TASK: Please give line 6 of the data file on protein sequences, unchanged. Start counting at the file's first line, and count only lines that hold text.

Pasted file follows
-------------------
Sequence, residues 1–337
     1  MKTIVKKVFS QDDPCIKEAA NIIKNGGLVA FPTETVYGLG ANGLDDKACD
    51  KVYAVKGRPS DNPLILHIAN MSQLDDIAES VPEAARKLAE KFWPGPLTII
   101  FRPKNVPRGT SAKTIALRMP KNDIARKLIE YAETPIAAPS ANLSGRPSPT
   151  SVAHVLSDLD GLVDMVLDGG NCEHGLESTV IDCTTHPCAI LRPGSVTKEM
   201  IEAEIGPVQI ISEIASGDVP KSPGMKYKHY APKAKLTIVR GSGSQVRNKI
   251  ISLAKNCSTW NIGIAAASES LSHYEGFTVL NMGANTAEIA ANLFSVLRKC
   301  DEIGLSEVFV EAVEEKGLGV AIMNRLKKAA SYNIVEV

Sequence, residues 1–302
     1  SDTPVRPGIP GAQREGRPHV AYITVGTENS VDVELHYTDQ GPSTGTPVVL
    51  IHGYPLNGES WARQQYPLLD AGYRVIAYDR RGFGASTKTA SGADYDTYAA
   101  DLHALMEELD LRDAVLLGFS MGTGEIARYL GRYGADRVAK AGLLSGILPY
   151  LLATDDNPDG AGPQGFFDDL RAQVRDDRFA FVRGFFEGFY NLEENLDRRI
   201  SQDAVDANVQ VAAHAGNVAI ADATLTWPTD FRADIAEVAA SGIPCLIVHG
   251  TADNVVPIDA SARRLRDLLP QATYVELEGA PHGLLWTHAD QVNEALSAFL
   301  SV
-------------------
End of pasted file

   201  IEAEIGPVQI ISEIASGDVP KSPGMKYKHY APKAKLTIVR GSGSQVRNKI